Since her father's death in October, Aubrey Street has looked for signs that he's watching over her.
From a hawk flying overhead or a cardinal outside her window, she's seen many.
But, last week, Aubrey received the most bittersweet sign of them all — a bouquet of flowers.
The bright, colorful arrangement carried on a tradition started by her father, Bill, when she was five years old.
“He'd always buy her flowers for her birthday,” Aubrey's mother, Rhonda said, explaining that it started as a special way to recognize her July 2 birthday, since it was so close to a holiday.
Knowing it would be a tough birthday this year — the first without her father — Rhonda knew she couldn't let the day go by without giving Aubrey a sign that he was still part of her life.
Bill took his own life on Oct 13 and though there was no explanation left behind, Rhonda knew that he'd want his “little girl” to still feel special on her birthday.
“I knew for a fact that he would want that to continue,” Rhonda said.
So, Rhonda, with the help of Country Gardens in Blair, made sure a bouquet of flowers was delivered to her daughter.
Typically, Bill would pick the flowers out himself, but this time, Rhonda asked the Country Gardens staff to do it.
“I prayed that the grace of God would guide them in what flowers to choose to be part of the arrangement,” Rhonda said.
Aubrey's brother, Dakota, joined his mother in ordering them. Aubrey said he, too, understood what it meant to his father.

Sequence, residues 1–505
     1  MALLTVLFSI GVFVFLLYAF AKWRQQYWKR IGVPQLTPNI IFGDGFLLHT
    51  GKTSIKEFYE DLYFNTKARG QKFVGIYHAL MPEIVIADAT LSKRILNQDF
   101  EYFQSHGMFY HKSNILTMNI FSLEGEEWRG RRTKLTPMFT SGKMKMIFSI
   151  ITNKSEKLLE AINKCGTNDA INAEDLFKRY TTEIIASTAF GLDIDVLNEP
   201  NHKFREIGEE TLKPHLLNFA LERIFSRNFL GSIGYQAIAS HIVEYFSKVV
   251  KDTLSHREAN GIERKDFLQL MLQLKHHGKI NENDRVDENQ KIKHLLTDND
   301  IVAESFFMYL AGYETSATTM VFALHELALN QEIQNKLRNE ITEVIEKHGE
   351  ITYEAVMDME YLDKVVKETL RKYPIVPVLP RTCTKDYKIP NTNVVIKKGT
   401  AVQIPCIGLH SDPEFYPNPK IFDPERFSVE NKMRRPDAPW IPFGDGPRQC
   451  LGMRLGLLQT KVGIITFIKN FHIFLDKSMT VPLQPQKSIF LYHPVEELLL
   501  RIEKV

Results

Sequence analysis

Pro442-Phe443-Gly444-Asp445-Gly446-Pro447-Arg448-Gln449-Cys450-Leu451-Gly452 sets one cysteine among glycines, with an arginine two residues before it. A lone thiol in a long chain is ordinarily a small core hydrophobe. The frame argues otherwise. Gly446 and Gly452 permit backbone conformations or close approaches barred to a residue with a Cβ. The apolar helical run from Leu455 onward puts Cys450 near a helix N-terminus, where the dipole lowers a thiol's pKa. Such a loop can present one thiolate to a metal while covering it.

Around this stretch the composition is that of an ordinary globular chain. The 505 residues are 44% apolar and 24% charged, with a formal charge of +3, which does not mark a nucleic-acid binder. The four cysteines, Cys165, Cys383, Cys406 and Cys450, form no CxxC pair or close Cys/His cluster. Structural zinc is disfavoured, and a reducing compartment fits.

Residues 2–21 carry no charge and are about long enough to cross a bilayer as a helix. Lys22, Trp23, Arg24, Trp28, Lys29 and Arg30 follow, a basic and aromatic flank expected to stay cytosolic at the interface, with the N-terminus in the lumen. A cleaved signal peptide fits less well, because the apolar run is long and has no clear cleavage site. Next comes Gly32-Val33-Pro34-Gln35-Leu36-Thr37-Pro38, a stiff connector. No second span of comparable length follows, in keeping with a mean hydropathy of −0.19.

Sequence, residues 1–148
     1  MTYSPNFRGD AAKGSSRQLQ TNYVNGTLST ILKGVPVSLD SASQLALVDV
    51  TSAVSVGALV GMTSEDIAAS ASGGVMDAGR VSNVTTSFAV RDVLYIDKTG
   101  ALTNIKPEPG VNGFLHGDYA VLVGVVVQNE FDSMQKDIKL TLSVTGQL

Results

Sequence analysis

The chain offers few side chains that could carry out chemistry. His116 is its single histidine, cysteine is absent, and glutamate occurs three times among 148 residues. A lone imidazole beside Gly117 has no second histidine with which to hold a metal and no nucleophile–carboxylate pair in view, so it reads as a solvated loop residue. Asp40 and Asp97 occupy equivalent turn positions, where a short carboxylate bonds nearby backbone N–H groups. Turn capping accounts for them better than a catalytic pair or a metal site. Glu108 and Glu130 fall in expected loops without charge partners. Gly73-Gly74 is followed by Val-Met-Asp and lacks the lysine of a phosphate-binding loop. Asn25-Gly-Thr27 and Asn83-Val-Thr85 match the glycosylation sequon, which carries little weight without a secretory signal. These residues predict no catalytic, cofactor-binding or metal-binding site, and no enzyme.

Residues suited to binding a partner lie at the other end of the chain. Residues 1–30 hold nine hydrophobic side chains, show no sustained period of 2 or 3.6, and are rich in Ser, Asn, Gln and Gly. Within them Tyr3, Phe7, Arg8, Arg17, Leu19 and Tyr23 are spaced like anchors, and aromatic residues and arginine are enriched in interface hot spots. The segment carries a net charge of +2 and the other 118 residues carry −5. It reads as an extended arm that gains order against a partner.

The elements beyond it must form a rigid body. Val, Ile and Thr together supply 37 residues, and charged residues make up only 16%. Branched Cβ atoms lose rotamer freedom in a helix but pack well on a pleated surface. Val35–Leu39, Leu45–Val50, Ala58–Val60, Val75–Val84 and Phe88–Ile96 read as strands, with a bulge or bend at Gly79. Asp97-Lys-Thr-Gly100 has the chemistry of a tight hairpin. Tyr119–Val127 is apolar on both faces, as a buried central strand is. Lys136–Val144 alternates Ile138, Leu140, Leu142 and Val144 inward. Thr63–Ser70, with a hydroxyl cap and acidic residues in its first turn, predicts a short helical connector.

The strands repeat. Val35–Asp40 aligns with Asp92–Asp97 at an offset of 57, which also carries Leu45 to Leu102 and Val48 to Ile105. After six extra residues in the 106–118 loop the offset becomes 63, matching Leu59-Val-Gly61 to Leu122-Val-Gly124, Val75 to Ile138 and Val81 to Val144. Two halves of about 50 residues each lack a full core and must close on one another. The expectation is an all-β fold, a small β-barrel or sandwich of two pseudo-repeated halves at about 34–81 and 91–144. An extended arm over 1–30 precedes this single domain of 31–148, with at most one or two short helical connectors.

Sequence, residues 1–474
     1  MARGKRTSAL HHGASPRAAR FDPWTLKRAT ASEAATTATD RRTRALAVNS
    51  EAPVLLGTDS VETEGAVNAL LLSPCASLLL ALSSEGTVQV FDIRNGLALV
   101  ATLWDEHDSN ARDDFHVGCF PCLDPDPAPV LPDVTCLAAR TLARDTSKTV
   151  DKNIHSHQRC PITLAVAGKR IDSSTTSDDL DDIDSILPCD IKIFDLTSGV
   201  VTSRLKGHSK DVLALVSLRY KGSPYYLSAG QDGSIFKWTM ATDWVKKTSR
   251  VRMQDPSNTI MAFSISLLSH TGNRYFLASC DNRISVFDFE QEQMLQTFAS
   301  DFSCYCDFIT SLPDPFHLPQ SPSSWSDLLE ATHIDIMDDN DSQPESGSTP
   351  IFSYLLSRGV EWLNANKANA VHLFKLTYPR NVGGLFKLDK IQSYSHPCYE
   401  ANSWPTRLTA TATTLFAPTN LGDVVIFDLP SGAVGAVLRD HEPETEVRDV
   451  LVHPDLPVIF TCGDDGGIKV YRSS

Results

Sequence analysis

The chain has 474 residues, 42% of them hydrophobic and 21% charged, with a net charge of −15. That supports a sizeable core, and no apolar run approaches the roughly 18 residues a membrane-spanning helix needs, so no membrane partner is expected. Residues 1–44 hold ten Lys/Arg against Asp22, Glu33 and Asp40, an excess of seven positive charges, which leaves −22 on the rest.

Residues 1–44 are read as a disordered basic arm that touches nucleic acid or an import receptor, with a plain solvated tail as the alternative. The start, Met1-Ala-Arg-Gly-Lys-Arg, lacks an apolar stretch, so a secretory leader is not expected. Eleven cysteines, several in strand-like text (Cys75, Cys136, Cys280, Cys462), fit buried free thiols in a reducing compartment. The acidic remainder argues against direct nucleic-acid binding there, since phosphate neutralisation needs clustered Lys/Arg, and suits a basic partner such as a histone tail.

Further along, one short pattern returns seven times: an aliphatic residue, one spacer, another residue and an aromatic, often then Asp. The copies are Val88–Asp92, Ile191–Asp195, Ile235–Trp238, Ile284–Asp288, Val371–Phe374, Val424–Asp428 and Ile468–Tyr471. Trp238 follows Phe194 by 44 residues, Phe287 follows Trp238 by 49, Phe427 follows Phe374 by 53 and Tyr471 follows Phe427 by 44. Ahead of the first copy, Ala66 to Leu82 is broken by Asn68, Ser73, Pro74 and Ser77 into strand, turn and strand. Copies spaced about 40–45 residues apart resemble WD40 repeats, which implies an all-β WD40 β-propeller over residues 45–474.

Seeing the flowers led to a flood of emotions.
“I was really surprised and upset because of the fact that they were from my dad, though he was not here physically,” she said. “But, I was also very happy.”
The card's message — “My little girl's all grown up” — followed by the signature “From Heaven” also had special meeting.
“Growing up he used to tell me all the time that 'His little girl's growing up' and I didn't like that he would say that because I always wanted to be his little girl. So, I believe that's why my mom added that on the flowers,” Aubrey said.
Flowers aren't something Aubrey typically likes to receive.
“To be honest, I have a boyfriend and I tell him not to get me flowers because they are going to die anyway,” she said.
But, it was a different story with her father.
“It was very meaningful to get them from my dad every single year, because it was a tradition,” she said. “It meant a lot to me, just the fact that he thought I was special enough to be able to give me flowers.”
The flowers weren't the only sign she received from her father that day. As she arrived at the daycare center where she works, Aubrey heard the song “Down With the Sickness,” the type of rock-n-roll song her dad loved.
“I just knew instantly it was him and I smiled,” she said.
The smiles may not come as easy as the Street family tries to navigate the “firsts” that have come since Bill's death and as they have tried to bring awareness about mental illness issues, which Rhonda said Bill struggled with, to the forefront.
But, with her birthday flowers in front of her last week, Aubrey said there is a feeling of calmness.
“It was like he was there, in a sense,” she said.
Her arrival home would be one final birthday sign.
“As I was taking the pictures of the bouquet, a butterfly landed on it,” she said. “They say that is a sign from somebody in heaven. So I thought that was neat.”
She had no doubt the sign was from her dad.
“My boyfriend had bought me a bouquet of flowers too and the butterfly wanted nothing to do with that one,” she said.
Rhonda plans to continue the birthday flower tradition in honor of her late husband, who, in recent years, also began giving them to Aubrey's sisters and his granddaughters.
Aubrey also hopes to also carry it on when she starts her own family.
“I feel as if I will definitely do it to honor him,” she said.